Search

No Respect of Persons

Respect of persons, prejudice, favoritism, politics—all have been an unfortunate part of man’s existence throughout the centuries. Racism, segregation and divisions between people didn’t originate in the last few years or even in the United States of America. It has been part of mankind for thousands of years. Prejudice, bias, respect of persons divides and hurts individuals, communities and churches.

It took a heavenly vision to help the Apostle Peter to see that God is no respecter of persons (Acts 10:34-35). With the rise, kill, and eat statement and Peter’s refusal, God revealed that “clean” and “unclean” are determined by Him, and said, “What God has cleansed you must not call common” (Acts 10:15). Peter’s understanding from this event was “that God shows no partiality. But in every nation whoever fears Him and works righteousness is accepted by Him” (Acts 10:34-35).

Doesn’t it stand to reason that God would show no partiality, seeing He made us all? Specifically, this revelation was necessary to help Peter, a Jew, to know that salvation in Christ is open to all. Jesus had told them to preach the gospel to “every creature,” but hearing that and understanding the implications of it could have been challenging in light of the old Law and traditions. So the principle is stated and the practice endorsed by and through this timely vision to prepare the messenger, Peter.

Note the candidate for salvation, Cornelius. He was “devout” [deeply religious], one who feared God [not a pagan] and taught his family of God. J. W. McGarvey said he “was not a timid or unfaithful worshipper” of the living God. Even more clearly declaring his dedication, was the noted practice of giving much alms (Acts 10:2). The way one gives declares a lot about their heart. He prayed to God “always.” Can you think of a better recommendation of an individual than this?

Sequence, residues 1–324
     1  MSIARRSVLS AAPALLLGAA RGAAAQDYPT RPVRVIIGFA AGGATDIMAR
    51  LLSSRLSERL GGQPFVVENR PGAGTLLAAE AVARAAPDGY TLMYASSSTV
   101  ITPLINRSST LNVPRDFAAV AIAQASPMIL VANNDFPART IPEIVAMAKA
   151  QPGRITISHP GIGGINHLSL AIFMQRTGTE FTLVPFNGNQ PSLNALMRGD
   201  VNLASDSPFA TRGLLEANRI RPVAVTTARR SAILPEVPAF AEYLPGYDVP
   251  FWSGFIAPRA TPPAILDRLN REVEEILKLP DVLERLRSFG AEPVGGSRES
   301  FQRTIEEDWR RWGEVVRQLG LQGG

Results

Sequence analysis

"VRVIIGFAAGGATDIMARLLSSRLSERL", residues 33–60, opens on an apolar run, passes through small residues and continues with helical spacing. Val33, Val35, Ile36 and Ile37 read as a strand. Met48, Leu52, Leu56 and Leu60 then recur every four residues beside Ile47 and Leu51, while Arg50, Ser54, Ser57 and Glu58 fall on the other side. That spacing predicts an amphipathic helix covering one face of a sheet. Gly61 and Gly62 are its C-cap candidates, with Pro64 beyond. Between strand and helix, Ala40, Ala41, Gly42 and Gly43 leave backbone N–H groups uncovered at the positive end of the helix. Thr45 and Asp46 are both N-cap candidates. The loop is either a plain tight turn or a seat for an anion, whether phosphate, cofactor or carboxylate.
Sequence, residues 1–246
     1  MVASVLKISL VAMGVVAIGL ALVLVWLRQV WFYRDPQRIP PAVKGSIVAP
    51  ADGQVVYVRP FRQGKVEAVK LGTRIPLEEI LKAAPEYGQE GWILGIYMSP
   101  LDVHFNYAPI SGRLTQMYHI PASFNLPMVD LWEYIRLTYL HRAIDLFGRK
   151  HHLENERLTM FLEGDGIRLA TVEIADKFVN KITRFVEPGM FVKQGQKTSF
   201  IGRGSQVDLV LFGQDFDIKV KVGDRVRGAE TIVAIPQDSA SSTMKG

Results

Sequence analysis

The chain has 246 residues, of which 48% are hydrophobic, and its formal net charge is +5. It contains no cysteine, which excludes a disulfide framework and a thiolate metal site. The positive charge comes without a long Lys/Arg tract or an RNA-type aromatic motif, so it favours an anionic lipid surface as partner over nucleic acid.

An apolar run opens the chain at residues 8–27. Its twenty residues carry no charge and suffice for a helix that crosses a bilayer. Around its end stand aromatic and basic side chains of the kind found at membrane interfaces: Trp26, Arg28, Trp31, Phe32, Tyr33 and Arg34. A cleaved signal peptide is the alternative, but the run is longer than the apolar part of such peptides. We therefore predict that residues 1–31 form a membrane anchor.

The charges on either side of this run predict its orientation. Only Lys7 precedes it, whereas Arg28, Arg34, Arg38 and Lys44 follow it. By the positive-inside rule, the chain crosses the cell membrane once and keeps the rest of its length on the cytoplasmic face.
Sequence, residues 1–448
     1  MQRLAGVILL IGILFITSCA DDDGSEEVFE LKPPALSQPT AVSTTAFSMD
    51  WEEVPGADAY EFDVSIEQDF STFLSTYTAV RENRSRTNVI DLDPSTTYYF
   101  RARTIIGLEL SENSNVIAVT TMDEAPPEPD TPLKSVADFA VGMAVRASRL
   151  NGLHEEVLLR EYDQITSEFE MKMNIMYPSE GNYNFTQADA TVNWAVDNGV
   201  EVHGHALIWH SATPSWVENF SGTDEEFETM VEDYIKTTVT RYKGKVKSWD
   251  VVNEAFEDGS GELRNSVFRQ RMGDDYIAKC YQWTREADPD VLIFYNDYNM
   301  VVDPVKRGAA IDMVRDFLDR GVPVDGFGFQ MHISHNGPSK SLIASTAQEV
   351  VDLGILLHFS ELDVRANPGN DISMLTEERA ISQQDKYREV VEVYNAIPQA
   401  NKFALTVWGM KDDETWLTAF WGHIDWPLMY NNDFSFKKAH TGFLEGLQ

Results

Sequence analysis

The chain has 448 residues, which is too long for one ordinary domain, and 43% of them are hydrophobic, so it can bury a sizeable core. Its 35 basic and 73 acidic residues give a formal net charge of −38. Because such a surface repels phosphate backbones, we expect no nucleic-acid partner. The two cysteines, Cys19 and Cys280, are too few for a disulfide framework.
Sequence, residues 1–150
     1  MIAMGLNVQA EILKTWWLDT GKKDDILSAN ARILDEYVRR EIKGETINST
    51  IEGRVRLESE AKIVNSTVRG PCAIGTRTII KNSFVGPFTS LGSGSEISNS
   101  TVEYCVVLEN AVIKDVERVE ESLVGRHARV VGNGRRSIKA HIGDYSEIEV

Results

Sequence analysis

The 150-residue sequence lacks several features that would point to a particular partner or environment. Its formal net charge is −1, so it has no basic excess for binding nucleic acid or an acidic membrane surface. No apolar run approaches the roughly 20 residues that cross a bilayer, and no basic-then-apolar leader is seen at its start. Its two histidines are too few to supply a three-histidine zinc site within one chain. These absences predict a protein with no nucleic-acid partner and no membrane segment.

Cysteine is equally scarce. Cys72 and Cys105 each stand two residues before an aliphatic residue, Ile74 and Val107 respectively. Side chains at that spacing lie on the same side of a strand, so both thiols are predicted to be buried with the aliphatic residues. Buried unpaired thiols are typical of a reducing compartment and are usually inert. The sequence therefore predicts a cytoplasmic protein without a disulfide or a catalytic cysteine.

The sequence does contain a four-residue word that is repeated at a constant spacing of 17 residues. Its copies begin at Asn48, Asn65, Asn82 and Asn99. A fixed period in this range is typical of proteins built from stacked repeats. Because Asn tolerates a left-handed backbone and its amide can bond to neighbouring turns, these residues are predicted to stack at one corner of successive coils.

One thing was now lacking, Cornelius needs “words” to be saved (Acts 10:6; 11:14). His faith was honorable, but with the coming of the Christian age, Cornelius needed forgiveness of sin and admission to the Lord’s church (Acts 2:47). Some seek a miracle, a sign, or a mysterious voice requisite for their commitment and obedience. All of those were possible, but it was the preacher who received the miracle, and the candidate who received words. The declaration of the gospel of Christ is by word. No man or woman has ever had sin forgiven or been saved by a miracle. No prejudice has been shown to anyone in salvation, all must follow the same plan implemented by Jesus Christ. Everyone must hear the word of God, believe and follow it to the repenting of sin, confessing Jesus Christ as Lord and being baptized for the remission of sin. That is what Cornelius had to do (Acts 10:47-48), just as the Jews had done on the day of Pentecost (Acts 2) with no exceptions.

Some acknowledge the New Testament plan of salvation, but suggest God will accept something else: sinner’s prayer, faith only, praying through, others even tell of salvation through a miraculous measure of the Holy Spirit, etc. That would be prejudicial, and go completely against God’s word. It denies the oneness doctrine of Christ (Eph. 4:3-6) and makes God a respecter of persons.

With Peter’s heavenly vision and Cornelius’ obediences, God revealed clearly that obedience is for Jew and Gentile alike—one plan for all mankind. There is no respect of persons with God (Rom. 2:11). The Gospel is for all!

David Hill

2 views

Recent Posts

See All

"It's All You Need to Know"

Often quoted and perhaps the best known verse of the New Testament, Jesus’ declaration of God’s love recorded at John 3:16 is a key verse of scripture. Some say that “It’s all you need to know.” It is

Paul M. Wilmoth (1944-2021)

In 1983 brother Paul Wilmoth and toddler daughter Christy came to worship with the Northeast congregation. Brother Paul had accepted an invitation from brother Malcolm Hill to help in the teaching pro

What Should Be First in Our Lives? (2)

In last week’s article, we discussed the importance that is placed by the Scriptures on what should be first as we seek to serve God acceptably. Today I want to discuss some examples of those who put